BOSTON — WHEN the leaders of the seven major industrial democracies gather in sun-fried Houston Monday, they will face a radically altered world. ``It is really the first of the post-cold-war economic summits,'' says Robert Hormats, who helped prepare economic summits from 1975 to 1982 and is now vice chairman of Goldman Sachs International, an investment banking firm.
In the 1970s, economic summits dealt mostly with inflation, slow growth, recession, and the energy crisis. In the '80s, the main issues were third-world debt, exchange-rate matters, and international payments imbalances.
In Mr. Hormats's view, one overriding concern for the summits of the 1990s will be to prevent centrifugal forces from dividing the Western world.
``The concern here is that as the compelling drive of the Soviet threat ... no longer forces the Western allies to work together, the economic issues could begin to pull them apart,'' he says.
The Berlin Wall has tumbled since the Group of Seven's last annual session started on July 14, and West Germany's mark became the currency of East Germany last Sunday, starting an economic union that is expected to become political next year.
The Soviet Union is now a candidate for Western aid.
``Whereas last year Western economic aid to the Soviet Union was unthinkable, now in the minds of many it is urgent,'' says Michael Mandelbaum, a senior fellow at the Council on Foreign Relations.
In effect, the United States has approved observer status for the USSR in the General Agreement on Tariffs and Trade (GATT), beginning the process of joining the noncommunist economic system. In May, the US relaxed its curbs on the sale of high-technology goods to an ``Eastern bloc'' that is no longer a real bloc.
The USSR's East European allies are struggling with a switch from communism to capitalism, from party dictatorship to democracy, from economic stagnation to prosperity. Members of Comecon, the economic arrangement of the Soviet Union and its East European allies, have agreed to move toward a market-based system of free trade.
When they met in the Palace of Versailles last year, the Seven (US, Japan, West Germany, France, Britain, Italy, and Canada) sent China to the doghouse for its violent crackdown on pro-democracy demonstrators. New loans to China were suspended. Diplomatic relations were cooled. Only recently have the Seven tentatively moved to reinstate China into their good graces.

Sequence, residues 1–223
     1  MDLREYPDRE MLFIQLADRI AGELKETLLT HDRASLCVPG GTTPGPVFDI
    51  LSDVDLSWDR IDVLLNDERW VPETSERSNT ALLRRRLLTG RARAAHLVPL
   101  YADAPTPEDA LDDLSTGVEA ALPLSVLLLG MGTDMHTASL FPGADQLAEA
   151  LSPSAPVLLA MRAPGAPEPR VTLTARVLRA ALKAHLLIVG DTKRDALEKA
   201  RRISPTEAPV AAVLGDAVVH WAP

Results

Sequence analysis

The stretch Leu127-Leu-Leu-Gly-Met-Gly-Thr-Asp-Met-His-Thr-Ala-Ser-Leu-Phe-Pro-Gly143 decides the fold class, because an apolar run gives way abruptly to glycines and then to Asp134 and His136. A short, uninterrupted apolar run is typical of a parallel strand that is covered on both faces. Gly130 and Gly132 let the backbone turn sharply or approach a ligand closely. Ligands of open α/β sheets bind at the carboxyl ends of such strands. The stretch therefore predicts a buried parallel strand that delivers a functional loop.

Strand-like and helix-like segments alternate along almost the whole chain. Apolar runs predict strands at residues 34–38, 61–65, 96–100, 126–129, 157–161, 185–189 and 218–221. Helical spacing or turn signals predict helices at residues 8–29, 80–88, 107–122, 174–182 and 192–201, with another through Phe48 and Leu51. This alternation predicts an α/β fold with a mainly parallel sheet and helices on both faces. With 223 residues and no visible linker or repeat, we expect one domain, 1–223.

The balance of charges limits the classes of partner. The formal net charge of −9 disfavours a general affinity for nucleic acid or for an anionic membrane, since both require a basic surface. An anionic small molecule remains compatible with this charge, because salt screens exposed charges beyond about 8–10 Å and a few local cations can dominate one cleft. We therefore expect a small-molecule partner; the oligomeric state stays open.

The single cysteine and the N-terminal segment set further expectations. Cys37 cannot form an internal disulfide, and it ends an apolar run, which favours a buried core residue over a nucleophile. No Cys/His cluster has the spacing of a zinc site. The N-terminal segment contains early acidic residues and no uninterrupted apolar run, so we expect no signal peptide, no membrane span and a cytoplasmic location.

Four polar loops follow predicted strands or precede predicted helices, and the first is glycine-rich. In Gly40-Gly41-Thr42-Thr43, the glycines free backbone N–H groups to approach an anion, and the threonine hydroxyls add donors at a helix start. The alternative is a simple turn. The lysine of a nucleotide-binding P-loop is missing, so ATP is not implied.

In Houston, the US will try to give a shove forward to one key potential source of economic unity, the Uruguay round of trade negotiations under GATT. The talks are scheduled to reach a conclusion by year-end. But success is far from a foregone conclusion.
C. Michael Aho, director of economic studies at the Council of Foreign Relations, worries that the 12-nation European Community (EC), because of its 1992 unification effort, might prevent the round from obtaining substantial results, particularly in the trade of farm goods.
``If the EC blocks progress ... the pressures for the existing multilateral trading system to fragment into regional trading blocs could become overwhelming,'' he says.
Indeed, Mr. Aho believes the emergence of some form of regional blocs is probably inevitable in the 1990s. Success in the current trade negotiations would help keep relations among American, European, and Japanese trade blocs benign rather than belligerent.
Another crucial issue at the Houston summit and summits to come will be bringing the East European nations, the Soviet Union, and many of the third-world countries into the international economic system in a more participatory way, Hormats says. These countries must share both responsibilities and benefits of that system.
He expects the EC and Japan to use the summits ``to encourage the United States to continue to play a responsible role despite the end of the cold war and despite its budget and current account, trade deficits.''
Hormats says Japan and the US should utilize summits to ensure that the EC continues to look outward even as it develops its single market by 1992 and makes trade deals with countries belonging to the European Free Trade Agreement (including Austria, Switzerland, Sweden, Finland, and Iceland), and the nations of East Europe. And Europe and the US should encourage Japan to play a greater role in the global economic and political system.
Meeting in Dublin, June 25, the EC leaders agreed in principle to provide economic assistance to the Soviet Union. But they stopped short of committing themselves to a specific program or price tag.
West German Chancellor Helmut Kohl and French President Fran,cois Mitterrand have promised to bring up the Soviet aid issue in Houston. Mr. Bush has reportedly dropped his negative attitude on direct aid to Moscow, though he may not offer US money because of budget problems and opposition in Congress.
West Germany has a special interest in using aid to the Soviet Union as an encouragement to remove its troops from East Germany.
Hormats suggests the US participate in supporting housing at home for Soviet troops taken out of Eastern Europe. This could encourage their withdrawal and eventual demobilization after disarmament talks conclude, he contends.